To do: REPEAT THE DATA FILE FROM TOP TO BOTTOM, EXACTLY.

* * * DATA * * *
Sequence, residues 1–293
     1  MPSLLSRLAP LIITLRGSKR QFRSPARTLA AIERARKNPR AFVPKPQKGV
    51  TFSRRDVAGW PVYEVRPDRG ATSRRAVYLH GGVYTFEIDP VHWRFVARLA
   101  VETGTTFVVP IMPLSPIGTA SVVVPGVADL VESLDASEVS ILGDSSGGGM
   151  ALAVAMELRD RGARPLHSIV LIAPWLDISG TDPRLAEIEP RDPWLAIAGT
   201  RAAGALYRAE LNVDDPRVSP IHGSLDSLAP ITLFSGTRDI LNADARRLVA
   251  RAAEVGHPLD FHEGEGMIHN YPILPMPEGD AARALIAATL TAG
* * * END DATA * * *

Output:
Sequence, residues 1–293
     1  MPSLLSRLAP LIITLRGSKR QFRSPARTLA AIERARKNPR AFVPKPQKGV
    51  TFSRRDVAGW PVYEVRPDRG ATSRRAVYLH GGVYTFEIDP VHWRFVARLA
   101  VETGTTFVVP IMPLSPIGTA SVVVPGVADL VESLDASEVS ILGDSSGGGM
   151  ALAVAMELRD RGARPLHSIV LIAPWLDISG TDPRLAEIEP RDPWLAIAGT
   201  RAAGALYRAE LNVDDPRVSP IHGSLDSLAP ITLFSGTRDI LNADARRLVA
   251  RAAEVGHPLD FHEGEGMIHN YPILPMPEGD AARALIAATL TAG